There are special considerations to bear in mind when you are purchasing acreage properties. The amenities of living in the city are often not available near properties with acreage. The expense of living in such locations must be figured in by prospective home buyers.
City offices supply the water, garbage, and sewage for those who live in the city limits. Typically, in rural areas, this is not the case. In place of the city water and sewage, there is typically a well and septic tank. Maintenance and such for these infrastructures are the owner’s responsibility.
This is why these items must be checked out before the sale is final. If a pump breaks on the well, or the septic tank needs replacing, this can be very costly. The county should also test the water in the well for contamination.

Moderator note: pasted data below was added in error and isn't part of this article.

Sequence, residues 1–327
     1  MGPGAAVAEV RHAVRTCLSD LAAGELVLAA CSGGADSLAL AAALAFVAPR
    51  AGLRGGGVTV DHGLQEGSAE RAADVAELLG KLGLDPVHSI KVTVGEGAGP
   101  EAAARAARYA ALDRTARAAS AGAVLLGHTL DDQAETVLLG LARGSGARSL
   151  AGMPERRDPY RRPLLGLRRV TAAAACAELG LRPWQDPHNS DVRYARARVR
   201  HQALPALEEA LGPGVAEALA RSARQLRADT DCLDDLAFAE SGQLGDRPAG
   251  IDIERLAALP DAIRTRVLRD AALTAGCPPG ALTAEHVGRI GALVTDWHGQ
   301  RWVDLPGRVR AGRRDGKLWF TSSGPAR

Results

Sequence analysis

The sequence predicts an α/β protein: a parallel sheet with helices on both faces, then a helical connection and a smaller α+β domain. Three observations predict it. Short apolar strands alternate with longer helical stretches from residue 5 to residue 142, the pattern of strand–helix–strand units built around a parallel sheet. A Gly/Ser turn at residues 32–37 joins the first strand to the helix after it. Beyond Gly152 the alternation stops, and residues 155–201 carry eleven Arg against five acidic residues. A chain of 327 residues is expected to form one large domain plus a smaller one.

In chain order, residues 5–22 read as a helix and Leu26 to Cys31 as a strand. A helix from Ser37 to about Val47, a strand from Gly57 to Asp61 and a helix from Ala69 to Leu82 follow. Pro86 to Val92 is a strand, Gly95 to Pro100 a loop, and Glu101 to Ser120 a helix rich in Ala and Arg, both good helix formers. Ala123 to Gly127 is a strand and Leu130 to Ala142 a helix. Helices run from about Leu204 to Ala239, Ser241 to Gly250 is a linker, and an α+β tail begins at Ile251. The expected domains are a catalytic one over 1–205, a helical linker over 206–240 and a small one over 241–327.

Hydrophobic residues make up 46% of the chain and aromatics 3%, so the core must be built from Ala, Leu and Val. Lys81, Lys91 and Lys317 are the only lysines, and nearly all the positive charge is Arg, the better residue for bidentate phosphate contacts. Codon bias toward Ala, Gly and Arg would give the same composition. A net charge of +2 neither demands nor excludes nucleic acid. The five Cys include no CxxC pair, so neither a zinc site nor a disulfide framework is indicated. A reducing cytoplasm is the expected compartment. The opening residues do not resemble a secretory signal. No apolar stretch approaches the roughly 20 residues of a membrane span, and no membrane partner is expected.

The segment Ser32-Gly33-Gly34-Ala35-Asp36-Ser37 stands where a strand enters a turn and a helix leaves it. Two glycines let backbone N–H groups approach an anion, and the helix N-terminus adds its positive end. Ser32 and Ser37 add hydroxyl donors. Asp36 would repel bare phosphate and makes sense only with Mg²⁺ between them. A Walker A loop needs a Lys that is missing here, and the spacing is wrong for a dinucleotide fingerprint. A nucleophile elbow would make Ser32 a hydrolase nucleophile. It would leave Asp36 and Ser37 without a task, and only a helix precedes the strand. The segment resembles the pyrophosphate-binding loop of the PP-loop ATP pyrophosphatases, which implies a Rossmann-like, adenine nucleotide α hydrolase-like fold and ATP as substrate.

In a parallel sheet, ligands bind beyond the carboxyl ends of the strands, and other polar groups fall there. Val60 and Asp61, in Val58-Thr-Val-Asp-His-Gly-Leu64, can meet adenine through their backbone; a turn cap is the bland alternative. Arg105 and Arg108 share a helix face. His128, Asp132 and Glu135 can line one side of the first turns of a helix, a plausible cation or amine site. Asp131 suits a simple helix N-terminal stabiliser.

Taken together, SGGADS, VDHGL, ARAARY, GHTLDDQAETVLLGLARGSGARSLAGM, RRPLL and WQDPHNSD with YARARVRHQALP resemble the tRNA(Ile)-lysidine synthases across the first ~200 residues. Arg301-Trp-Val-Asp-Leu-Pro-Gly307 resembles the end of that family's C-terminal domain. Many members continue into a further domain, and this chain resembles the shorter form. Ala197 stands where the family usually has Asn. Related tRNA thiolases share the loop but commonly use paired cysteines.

You will also need to know whether or not there is any water running through the land. Water rights could be an issue in this situation. This is important because people who live down from the creek or spring may be dependent on the water. In such instances you might be obligated to keep the water flowing.
It is also a good idea to check on any future plans for building near the property. You would not be happy if a trash dump was put in beside you after the deal was done. In most cases where acreage is concerned the land value will usually increase, but it is always best to question things ahead of time.
Prior to closing, you also should be aware of any land limitations. Lots of places have rules about what can be put on land, even after purchase. In many cases, the homes must be a certain size or type, which may not be what you wanted to build.
You may also come across regulations about livestock. In some locations, cattle are not permitted. For those reasons, buyers need to be aware of the rules before buying the property.